I screwed up my arm at work. After soldiering on for weeks like some kind of optimistic martyr, I finally got the diagnosis and a very quick surgery date. The nice thing about the surgery being scheduled so suddenly was that it barely gave me time to convince myself that I would die on the operating table, or slip into a coma and wake up to find the world overrun with zombies with no sign of my wife or best friend Shane (Please excuse the Walking Dead reference, there won’t be any more, I promise).
In any case, the surgical repair of my distal bicep rupture has left me down a hand for the summer. My right arm has turned into an aching, worthless piece of luggage filled with mismatched socks and tightey whiteys with the elastic shot out. Much as I’d like to abandon it on the baggage carousel, I’m sure I’ll need it eventually.
I managed to avoid wasting precious pre-surgical time fretting about my potential adverse reactions to anesthesia by scrambling to get as many two handed jobs done around the house as possible. I moved a bunch of furniture, fixed some drywall, caulked the tub and cleaned out the gutters (Handymen and -women might point out that caulking a tub is a job which can be done one handed, but in my case, I can barely manage it with two hands and 3 or 4 rolls of paper towels).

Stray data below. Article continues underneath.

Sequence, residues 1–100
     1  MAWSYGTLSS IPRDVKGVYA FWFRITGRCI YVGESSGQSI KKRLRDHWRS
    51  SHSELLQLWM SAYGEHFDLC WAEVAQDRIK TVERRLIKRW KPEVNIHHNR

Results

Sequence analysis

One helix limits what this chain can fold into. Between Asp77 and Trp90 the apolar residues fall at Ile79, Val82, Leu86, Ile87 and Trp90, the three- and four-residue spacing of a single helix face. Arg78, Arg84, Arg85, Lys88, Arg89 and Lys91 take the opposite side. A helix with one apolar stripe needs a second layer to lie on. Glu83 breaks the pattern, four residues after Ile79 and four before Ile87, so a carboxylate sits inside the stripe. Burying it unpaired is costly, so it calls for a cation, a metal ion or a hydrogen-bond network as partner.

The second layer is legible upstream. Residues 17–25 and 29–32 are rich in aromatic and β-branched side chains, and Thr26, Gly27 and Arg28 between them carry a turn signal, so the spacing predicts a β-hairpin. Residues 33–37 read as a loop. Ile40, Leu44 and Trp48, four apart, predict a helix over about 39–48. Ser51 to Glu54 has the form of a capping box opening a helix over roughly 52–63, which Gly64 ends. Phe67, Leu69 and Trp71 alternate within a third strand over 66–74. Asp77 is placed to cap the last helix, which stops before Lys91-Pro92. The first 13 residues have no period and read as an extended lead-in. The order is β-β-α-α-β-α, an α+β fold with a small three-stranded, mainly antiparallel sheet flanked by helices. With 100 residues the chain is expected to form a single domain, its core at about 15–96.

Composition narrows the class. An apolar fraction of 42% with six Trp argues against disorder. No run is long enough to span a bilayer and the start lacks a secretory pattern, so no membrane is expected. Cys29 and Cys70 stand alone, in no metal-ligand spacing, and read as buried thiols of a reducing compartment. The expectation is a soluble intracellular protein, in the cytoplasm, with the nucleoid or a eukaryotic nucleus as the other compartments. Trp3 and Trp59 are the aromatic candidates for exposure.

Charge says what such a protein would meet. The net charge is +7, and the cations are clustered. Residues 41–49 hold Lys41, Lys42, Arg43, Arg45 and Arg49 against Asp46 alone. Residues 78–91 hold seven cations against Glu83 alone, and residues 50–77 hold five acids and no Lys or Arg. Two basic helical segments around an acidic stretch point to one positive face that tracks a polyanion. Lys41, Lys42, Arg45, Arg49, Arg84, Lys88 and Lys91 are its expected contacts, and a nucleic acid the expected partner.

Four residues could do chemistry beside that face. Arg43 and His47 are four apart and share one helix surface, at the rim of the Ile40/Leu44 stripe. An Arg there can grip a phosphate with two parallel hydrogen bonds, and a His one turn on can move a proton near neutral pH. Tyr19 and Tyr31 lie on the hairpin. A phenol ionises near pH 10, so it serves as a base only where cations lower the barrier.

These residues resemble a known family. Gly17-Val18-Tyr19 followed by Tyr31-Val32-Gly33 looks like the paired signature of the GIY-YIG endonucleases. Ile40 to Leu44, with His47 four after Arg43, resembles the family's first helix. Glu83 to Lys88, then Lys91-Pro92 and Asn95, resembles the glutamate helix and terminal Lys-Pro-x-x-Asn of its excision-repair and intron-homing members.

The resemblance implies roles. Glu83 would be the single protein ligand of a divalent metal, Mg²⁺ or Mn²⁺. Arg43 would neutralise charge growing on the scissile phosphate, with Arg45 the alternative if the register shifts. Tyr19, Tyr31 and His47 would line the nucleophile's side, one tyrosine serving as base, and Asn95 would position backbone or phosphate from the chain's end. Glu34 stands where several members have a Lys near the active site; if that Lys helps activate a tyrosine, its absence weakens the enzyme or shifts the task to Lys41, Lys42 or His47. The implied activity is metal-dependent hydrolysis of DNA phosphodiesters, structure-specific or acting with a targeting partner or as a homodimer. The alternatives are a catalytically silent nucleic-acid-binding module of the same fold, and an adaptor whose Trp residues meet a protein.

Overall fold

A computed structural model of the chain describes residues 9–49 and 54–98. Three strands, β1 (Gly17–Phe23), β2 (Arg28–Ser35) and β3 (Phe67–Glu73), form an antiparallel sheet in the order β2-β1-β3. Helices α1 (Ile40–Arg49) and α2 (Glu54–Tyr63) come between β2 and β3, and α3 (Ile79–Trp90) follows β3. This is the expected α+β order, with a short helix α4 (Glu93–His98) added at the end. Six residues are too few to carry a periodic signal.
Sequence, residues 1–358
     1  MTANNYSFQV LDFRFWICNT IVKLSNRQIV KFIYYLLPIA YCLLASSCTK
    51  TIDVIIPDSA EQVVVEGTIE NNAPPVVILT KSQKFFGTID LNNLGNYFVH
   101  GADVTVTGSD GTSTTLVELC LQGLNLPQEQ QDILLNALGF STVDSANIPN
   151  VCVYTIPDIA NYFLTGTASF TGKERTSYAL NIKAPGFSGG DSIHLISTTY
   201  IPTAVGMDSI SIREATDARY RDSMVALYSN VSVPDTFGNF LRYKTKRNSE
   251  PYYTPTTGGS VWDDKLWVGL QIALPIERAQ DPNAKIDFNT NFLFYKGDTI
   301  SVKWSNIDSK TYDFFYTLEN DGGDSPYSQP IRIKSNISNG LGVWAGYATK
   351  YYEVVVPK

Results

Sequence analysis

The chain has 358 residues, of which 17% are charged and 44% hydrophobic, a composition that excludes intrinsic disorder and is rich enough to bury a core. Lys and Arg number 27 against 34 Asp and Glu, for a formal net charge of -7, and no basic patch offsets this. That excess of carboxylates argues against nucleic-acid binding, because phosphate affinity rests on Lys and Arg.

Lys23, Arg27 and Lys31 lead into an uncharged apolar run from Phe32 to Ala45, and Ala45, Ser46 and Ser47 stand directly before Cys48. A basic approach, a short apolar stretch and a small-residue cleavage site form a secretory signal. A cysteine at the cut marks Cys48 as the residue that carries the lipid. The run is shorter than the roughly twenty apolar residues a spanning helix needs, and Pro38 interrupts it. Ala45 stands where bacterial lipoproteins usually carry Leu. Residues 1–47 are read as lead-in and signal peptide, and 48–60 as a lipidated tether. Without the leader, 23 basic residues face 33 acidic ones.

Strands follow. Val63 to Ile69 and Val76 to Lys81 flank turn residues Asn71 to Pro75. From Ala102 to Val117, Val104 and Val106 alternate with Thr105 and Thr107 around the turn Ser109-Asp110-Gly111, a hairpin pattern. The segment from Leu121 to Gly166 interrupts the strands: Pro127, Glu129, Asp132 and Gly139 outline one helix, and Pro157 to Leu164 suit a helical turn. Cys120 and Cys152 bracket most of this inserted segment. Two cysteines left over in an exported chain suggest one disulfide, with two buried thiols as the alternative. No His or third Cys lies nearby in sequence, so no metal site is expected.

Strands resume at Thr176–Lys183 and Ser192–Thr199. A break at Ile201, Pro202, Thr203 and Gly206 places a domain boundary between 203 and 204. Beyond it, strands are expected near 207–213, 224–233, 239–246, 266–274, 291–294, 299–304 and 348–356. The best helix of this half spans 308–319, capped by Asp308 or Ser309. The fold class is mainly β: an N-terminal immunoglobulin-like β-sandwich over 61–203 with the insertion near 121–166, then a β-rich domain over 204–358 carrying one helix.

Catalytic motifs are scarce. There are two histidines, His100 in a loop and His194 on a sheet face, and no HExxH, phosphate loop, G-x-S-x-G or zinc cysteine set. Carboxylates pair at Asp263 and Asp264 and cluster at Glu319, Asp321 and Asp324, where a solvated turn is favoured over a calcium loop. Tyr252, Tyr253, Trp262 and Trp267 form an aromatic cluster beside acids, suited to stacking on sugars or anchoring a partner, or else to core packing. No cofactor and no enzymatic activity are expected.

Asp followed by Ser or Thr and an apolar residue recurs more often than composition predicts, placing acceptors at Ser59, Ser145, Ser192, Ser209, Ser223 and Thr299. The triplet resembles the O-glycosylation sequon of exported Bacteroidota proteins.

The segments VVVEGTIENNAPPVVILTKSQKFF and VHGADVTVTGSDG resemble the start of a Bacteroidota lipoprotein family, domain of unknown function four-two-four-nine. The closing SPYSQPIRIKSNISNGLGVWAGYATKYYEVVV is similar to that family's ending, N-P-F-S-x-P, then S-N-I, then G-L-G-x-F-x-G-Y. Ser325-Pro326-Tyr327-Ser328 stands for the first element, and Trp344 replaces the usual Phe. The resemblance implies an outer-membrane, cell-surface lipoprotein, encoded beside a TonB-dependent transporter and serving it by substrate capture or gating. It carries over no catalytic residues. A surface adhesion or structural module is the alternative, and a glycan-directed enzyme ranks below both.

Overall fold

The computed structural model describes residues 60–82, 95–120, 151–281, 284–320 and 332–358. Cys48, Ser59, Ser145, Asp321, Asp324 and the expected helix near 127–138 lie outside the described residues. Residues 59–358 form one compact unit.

Luckily the surgery date was so soon that I was spared cleaning out the basement or alphabetizing the garage.
The novelty of my one-handed reality wore off nearly as rapidly as the pain meds. I quickly discovered that nearly every pair of shorts I own have drawstrings. I also realized that my selection of slip-on shoes is severely limited. There’s a possibility that I could tie a bow one handed, but it would not likely be a very good one, and could take hours.
Brushing my teeth is not difficult, and floss sticks work great one handed. The rest of my bathroom activities however, are more of an adventure. In the spirit of discretion, I’ll spare you gentle readers any specifics (Unless you read the caption for the photo below).
For the time being, I’m still in the ace-wrap, rigid splint and sling ensemble I wore as I left the surgery center. Fashion critics agree the basic little black sling is accented perfectly with the ecru bandage – it’s elegant without being pretentious. Soon, I go back for the dressing change and possible wardrobe upgrade. I’m tingling with anticipation, or maybe it’s just nerve damage.